Oracle Earnings Preview: Hardware Is The Drag, But 2013 Is Expected To Be Better

| About: Oracle Corporation (ORCL)
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Oracle (NYSE:ORCL), the enterprise database software giant, reports fiscal second-quarter 2013 earnings after the bell on Tuesday, Dec. 18. Analysts (as per Thomson Reuters) are expecting $0.61 in earnings per share on $9 billion in revenues, for expected year-over-year growth of 13% and 2%, respectively.

Q2 2013 estimates have changed little since the last earnings report in mid-September. Last quarter, the pleasant surprise for ORCL was "license" revenue growth, which grew 11% in constant currency vs. the +5% to +7% expected. The drag continues to be hardware or the old SunMicro business, which fell 21% in constant currency. Oracle is now spending a lot of time talking about the Cloud, but at 3% of revenues it is more myth than legend at this point for the software giant.

My own opinion is that until the Cliff gets resolved, and until "enterprise" technology spending starts to ramp again from its low to mid-single-digit state, ORCL -- while an attractively-valued stock -- won't see the earnings or revenue growth needed to drive the stock higher.

As per Thomson Reuters, here is the next few years consensus expected earnings per share and revenue growth for the software company:

fiscal year-ended EPS growth Rev growth
fiscal 2015 10% 7%
fiscal 2014 9% 7%
fiscal 2013 8% 3%

Historically, ORCL has grown at much faster rates, some of it due to very smart acquisitions. But I think the current enterprise and economic growth environment is keeping a lid on the stock. Oracle is currently trading at 10x-11x cash flow and 12x 2013's expected consensus EPS of $2.66, so we'd be a buyer of ORCL below $30 and a seller where it seems to be fairly valued in the high $30s.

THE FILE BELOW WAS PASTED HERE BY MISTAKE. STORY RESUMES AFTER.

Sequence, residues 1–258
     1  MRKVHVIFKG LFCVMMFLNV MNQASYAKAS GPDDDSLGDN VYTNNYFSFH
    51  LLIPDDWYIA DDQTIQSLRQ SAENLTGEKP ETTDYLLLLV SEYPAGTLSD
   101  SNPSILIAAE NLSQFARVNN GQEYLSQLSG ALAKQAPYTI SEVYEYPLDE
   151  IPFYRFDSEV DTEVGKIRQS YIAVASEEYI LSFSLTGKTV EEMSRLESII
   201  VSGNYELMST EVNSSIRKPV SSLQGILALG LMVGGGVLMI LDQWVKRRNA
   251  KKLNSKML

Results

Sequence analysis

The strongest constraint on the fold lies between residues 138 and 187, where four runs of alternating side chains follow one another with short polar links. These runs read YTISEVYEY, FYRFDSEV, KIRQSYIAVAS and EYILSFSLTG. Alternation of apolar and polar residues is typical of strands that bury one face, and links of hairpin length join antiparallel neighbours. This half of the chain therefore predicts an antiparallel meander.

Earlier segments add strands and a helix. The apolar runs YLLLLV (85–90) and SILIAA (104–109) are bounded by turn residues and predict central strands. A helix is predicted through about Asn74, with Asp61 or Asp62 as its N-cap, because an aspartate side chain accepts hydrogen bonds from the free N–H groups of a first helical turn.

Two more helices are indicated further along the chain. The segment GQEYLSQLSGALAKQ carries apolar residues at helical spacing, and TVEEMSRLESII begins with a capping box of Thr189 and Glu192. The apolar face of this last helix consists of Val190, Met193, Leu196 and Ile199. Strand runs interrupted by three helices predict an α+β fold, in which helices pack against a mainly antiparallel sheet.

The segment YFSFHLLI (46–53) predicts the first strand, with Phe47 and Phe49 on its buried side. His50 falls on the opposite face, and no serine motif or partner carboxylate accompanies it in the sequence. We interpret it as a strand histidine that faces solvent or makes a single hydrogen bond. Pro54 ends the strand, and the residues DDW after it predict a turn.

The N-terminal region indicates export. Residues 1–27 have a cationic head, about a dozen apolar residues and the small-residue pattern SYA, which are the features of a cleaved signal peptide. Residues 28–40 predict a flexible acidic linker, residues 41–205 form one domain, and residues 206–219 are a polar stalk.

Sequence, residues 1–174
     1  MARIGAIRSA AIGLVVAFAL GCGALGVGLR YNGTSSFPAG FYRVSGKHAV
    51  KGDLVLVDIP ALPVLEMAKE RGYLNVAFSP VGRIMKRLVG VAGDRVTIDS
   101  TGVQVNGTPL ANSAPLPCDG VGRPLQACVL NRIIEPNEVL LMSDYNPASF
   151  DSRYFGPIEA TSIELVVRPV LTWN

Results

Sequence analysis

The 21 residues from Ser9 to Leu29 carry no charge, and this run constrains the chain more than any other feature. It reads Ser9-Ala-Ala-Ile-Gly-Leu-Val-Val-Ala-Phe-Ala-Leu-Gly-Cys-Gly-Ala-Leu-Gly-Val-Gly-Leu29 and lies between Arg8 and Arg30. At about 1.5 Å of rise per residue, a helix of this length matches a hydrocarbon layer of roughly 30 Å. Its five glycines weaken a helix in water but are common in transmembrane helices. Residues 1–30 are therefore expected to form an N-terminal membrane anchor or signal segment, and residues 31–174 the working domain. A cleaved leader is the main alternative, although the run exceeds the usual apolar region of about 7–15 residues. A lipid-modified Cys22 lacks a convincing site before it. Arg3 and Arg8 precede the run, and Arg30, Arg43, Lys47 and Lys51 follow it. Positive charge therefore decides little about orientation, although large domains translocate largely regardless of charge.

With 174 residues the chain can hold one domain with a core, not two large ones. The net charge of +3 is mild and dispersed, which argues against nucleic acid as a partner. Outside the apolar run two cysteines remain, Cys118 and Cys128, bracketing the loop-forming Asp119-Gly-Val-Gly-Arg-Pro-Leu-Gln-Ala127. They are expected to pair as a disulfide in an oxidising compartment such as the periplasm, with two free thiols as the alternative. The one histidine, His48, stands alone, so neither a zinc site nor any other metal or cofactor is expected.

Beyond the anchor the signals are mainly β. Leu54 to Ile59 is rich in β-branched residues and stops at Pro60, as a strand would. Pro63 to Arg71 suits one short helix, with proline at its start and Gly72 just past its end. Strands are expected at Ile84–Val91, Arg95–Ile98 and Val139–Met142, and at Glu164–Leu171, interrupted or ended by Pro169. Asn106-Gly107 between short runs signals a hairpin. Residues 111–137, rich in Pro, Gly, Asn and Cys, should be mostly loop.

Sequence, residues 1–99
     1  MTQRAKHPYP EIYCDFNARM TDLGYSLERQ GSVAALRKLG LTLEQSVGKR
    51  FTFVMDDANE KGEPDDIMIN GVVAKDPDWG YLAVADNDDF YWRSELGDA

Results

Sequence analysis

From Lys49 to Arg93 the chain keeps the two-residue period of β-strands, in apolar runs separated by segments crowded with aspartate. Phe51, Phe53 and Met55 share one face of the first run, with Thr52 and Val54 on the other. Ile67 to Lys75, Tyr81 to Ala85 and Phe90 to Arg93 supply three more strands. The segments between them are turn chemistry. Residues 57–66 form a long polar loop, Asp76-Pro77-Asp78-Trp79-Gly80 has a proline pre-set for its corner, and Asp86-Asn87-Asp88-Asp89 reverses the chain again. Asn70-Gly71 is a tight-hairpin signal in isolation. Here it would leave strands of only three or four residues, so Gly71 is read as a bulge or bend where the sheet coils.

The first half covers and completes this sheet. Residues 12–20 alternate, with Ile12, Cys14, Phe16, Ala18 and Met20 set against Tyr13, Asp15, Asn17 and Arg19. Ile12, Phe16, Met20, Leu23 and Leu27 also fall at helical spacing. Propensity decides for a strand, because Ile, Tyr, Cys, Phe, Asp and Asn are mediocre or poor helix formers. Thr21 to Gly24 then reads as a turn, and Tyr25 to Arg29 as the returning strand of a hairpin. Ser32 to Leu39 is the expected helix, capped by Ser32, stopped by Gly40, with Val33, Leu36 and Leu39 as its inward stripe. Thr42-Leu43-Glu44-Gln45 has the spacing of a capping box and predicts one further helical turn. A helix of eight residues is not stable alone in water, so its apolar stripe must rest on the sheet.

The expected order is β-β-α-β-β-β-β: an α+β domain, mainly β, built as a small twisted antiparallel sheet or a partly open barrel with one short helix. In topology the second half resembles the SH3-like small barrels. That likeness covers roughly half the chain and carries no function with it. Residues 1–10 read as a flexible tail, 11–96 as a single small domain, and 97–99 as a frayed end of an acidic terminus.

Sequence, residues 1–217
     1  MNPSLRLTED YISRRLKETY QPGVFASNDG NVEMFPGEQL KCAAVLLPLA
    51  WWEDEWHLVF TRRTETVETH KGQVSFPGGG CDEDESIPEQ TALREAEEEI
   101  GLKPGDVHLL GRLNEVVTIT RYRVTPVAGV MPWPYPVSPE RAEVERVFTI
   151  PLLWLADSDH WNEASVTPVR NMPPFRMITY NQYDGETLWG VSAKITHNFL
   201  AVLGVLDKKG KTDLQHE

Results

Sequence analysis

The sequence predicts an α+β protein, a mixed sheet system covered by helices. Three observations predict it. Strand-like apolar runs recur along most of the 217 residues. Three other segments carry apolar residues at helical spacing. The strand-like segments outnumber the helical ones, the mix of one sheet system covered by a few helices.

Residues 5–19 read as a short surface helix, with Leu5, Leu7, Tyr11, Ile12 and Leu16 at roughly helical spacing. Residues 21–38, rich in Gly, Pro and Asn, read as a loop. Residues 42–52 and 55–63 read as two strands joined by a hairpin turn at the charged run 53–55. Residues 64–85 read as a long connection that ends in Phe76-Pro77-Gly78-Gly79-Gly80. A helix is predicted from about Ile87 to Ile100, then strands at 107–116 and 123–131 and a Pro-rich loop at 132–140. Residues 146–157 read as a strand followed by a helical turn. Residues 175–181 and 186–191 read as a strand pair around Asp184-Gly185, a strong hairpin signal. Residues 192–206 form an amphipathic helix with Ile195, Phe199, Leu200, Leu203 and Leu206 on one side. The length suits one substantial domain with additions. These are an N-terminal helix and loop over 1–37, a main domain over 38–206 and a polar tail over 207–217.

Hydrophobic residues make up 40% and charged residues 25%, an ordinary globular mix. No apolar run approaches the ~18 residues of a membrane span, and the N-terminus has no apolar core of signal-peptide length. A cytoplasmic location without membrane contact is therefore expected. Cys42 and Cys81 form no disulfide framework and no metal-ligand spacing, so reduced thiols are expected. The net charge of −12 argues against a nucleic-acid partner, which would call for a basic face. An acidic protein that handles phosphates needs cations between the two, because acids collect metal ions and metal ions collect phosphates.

ORCL has room for a bigger dividend with its current 10%-11% payout ratio, and while they have reduced fully diluted shares outstanding by 5% since late 2009, they have the cash for bigger share repurchases. But they do like to make acquisitions, thus I think their "growth via acquisition" habit constrains their returning capital to shareholders. (Oracle did accelerate their 2013 dividends into 2012 for fiscal Q2, Q3, and Q4.)

Basically, we think downside risk is limited at this point for ORCL, but until we see faster economic growth the $154 billion market cap acts like a weight on the stock. ORCL is a good candidate for buy-and-hold investors, as we await what 2013 holds the enterprise.

Oracle is like so many stocks in the market today: neither a table-pounding buy or a screaming sell at its current valuation. We are not long as we could be, and aren't in much a of hurry to sell what we have, as we await a stronger economy.

Disclosure: I am long ORCL. I wrote this article myself, and it expresses my own opinions. I am not receiving compensation for it (other than from Seeking Alpha). I have no business relationship with any company whose stock is mentioned in this article.